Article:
who tell Thy glories inexhaustible. Lord. Many of them are now forgotten. No service for my Lord and King. Yet hide not thou thy face from me. Raise me from deepest depths to share Heaven’s endless joys of praise and prayer. to dwell Among thy pious ones. and thou dost comfort me. but their poems have not survived. and Granada. O may’st thou lead me forth in peace Unto the world to come.To thee for grace and mercy need All their good works should go before. Seville. For past is now thy wrath. Nor cast me out afar from thee. There let my portion be with those Who to eternal life arose. I will give thanks to thee. There purify my heart aright. In thy light to behold the light. And wait for them at heaven’s high door. Cordova. . That I may evermore declare: Though thou wast angered. Ibn Gebirol stood a little outside and a good deal above the circle of the Jewish poets who made this era so brilliant. But when thou bidd’st my life to cease. No righteousness for offering. they had their day of popularity in Toledo. But no good deeds have I to bring.
Either by day or yet by night. and life’s arrears Now strive to pay.In the very year of Ibn Gebirol’s death Moses Ibn Ezra was born. . the while my tears Have been my food by day and night. upon my bed the hours I number. seek the house of God. and dreams encumber Their souls in visions of the night. Wherefore I am ashamed. I mourn and sigh. but it is known that he was still alive in 1138. Short is man’s life. And. A few stanzas of one of his poems run thus: Sleepless. a holy day. This way and that he turns some ease to borrow.” and a gloomy turn was given to his thought by an unhappy love attachment in his youth. rising. My youth wanes like a shadow that’s cast. with tears of bitterness My bed I water all the night. and full of care and sorrow. In sin and folly passed my early years. Like to a flower he blooms. Because God’s law too often I transgress. Of his life little is certain. How does the weight of sin my soul oppress. and on the morrow Is gone–a vision of the night. And I remember not my gladness past. Proclaim we then a fast. He is called the “poet of penitence. Swifter than eagle’s wings my years fly fast. while slumber Lies heavy on men’s eyes.
Hence. My grace is thine. doubting heart! I will the Lord extol With gladness. but is metrical. but he laughed at his fate. one of the greatest Jews of the Middle Ages. with entirely different meanings. was born in Toledo before 1100. with humbled spirit pray Unceasingly. . I alone. is in ten parts. Then. And unto him. in the sky. Often they are warm with hope. God’s will obey. Would shine by night. Here is one of them: I hope for the salvation of the Lord. He is my portion still. Abraham. Come life.” Another Ibn Ezra. “The Topaz" (Tarshish). come death. are not always sad. and this is perhaps what Charizi meant when he called him “the poet’s poet. His chief secular poem. many of which won a permanent place in the prayer-book. occurs at the end of several lines. No one would die.Make pure our hearts from sin. He passed a hard life. and contains 1210 lines. by day and night. and there is a lilt about them which is almost gay. May we yet hear his words: “Thou art my own. The sun. In him I trust. It needs a good deal of imagination to appreciate Moses Ibn Ezra. according to his word. Several of Abraham Ibn Ezra’s hymns are instinct with the spirit of resignation. the shelter of my throne. Endure but patiently this night!” But his hymns. He said of himself: If I sold shrouds. for in him is my desire. For I am thy Redeemer. for spite. It is written on an Arabic model: it contains no rhymes. when fears my being thrill. If I sold lamps. and the same word.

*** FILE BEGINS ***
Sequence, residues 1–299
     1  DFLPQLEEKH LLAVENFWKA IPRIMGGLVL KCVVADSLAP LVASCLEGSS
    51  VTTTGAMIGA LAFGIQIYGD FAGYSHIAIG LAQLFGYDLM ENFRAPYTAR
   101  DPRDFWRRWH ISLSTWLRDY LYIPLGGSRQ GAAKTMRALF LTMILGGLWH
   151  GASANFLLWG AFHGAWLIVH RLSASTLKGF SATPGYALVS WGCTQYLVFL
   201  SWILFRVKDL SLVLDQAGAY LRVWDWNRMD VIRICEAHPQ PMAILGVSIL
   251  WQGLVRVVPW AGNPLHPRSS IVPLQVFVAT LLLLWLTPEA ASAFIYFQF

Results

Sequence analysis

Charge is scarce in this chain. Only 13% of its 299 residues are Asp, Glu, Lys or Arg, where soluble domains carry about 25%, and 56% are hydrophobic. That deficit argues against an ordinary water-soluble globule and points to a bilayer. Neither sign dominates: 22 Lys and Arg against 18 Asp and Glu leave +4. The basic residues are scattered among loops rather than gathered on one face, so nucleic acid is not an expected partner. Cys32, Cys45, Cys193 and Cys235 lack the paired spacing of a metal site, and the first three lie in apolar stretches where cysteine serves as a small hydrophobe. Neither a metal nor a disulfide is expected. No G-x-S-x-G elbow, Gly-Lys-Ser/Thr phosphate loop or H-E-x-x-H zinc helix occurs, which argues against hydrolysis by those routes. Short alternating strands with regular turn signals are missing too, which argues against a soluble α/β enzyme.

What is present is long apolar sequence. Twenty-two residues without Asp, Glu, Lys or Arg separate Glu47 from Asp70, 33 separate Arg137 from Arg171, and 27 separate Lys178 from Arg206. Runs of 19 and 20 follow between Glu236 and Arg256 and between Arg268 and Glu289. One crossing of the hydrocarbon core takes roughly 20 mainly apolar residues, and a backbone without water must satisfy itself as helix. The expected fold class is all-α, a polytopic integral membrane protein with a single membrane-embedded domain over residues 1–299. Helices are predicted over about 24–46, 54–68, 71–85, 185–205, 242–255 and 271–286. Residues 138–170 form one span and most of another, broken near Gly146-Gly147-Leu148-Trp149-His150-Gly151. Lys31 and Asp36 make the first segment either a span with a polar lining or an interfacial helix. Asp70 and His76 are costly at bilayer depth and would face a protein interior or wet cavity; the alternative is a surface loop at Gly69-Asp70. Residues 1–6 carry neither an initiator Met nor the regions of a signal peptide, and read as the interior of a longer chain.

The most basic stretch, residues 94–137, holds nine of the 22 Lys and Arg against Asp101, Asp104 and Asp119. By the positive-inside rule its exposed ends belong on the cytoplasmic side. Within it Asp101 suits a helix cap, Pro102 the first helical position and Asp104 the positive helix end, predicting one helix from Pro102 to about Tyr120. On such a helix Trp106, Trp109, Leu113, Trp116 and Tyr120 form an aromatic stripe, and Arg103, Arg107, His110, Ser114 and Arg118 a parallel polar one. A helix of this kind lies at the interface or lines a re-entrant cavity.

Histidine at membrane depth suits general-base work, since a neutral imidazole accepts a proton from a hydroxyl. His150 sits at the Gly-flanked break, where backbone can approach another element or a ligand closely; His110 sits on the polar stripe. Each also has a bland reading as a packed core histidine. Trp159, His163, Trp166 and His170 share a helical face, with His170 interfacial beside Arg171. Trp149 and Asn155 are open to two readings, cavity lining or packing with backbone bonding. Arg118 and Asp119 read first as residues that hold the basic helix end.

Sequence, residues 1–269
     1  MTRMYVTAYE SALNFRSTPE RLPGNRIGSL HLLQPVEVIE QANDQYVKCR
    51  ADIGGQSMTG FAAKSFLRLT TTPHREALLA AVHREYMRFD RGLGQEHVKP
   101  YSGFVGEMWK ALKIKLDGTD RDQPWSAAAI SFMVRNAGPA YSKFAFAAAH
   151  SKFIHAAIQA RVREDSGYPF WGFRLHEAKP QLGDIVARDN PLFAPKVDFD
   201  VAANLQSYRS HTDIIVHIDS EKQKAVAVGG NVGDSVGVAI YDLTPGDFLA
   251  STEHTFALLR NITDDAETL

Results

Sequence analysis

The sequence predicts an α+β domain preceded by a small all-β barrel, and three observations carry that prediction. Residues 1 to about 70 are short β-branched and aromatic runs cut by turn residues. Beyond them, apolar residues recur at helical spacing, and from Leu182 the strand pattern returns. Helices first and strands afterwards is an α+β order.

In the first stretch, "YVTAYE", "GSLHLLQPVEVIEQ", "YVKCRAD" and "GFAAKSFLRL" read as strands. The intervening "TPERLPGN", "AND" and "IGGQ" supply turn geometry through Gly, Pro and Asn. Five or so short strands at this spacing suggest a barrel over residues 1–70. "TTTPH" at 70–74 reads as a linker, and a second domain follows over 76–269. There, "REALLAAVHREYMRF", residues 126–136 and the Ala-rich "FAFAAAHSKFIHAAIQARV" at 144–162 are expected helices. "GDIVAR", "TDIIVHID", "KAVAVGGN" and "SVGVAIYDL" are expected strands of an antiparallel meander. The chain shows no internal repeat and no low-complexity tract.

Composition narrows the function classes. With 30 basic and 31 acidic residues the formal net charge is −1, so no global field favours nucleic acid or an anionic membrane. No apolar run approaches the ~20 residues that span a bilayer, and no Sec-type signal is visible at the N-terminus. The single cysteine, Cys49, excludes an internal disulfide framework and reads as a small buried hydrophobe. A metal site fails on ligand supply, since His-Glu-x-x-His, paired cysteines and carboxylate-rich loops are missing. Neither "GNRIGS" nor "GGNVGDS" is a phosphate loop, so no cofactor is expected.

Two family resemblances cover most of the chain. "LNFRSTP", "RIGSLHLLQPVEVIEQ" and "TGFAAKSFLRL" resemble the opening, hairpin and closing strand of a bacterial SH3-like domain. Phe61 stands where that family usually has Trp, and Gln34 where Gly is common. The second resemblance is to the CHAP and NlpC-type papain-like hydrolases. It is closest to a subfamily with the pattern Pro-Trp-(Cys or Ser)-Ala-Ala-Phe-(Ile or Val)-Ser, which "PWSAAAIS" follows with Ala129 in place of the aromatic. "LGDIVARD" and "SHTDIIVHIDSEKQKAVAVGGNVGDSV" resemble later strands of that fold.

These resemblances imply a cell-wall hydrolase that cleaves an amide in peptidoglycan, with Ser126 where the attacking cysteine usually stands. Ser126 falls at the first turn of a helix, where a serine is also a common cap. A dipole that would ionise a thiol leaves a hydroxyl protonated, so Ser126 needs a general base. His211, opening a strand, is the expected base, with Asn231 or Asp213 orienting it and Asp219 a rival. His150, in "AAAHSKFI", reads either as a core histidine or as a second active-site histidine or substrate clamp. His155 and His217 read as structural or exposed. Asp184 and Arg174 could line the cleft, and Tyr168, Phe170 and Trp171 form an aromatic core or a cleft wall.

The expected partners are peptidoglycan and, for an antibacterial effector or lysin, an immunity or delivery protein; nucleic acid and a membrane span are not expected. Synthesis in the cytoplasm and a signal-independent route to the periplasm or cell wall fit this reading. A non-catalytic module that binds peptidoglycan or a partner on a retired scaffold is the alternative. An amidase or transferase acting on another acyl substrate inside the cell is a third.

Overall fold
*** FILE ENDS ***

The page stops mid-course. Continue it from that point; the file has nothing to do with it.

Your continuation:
And bless him evermore. Ibn Ezra was the first to maintain that the Book of Isaiah contains the work of two prophets–a view now almost universal. In his commentaries he rejected the current digressive and allegorical methods. and cast a glance at Hebrew literature in France at a period earlier than the era of Ibn Ezra. Bibliography TRANSLATIONS OF SPANISH-HEBREW POEMS: Emma Lazarus. David Kimchi (1160-1235) by his lucidity and thoroughness established for his grammar. not only for his poetry. And the great Lord of all be known to me. Moses and David. See also (Abrahams) J. “Perfection” (Michlol). but also for his brilliant wit and many-sided learning.–Poems (Boston. 1889). His sons. and even visited London.” complete supremacy in the field of exegesis. H. and his dictionary. His praise will I continually proclaim.. however. At this point. that the Bible was in every part inspired and in every part the word of God. however. He was the favorite authority of the Christian students of Hebrew at the time of the Reformation.R. I ask not to be free. as a poet. As a mathematician. 1898). and the English Authorized Version of 1611 owed much to him. were afterwards famous as grammarians and interpreters of the Scriptures. where he stayed in 1158.–The Jewish Year (New York. who settled in Narbonne in the middle of the twelfth century. his am I as of old. and steered a middle course between free research on the one hand.Q. Him will I serve. Nor will I seek its purpose to explore. we must retrace our steps.” Ibn Ezra’s pioneer work in spreading scientific methods of study in France was shared by Joseph Kimchi. “Book of Roots. satisfies my soul. Sweet is ev’n sorrow coming in his name. All that is hidden shall mine eyes behold. Ibn Ezra was famed. But he was also the father of the “Higher Criticism. Lucas. .Which. He never for a moment doubted. as with fatness. and blind adherence to tradition on the other. he won a high place in Jewish annals. and in Editions of the Prayer-Books. Ibn Ezra wandered over many lands. Mrs. as an expounder of Scriptures. That doth to heaven aspire.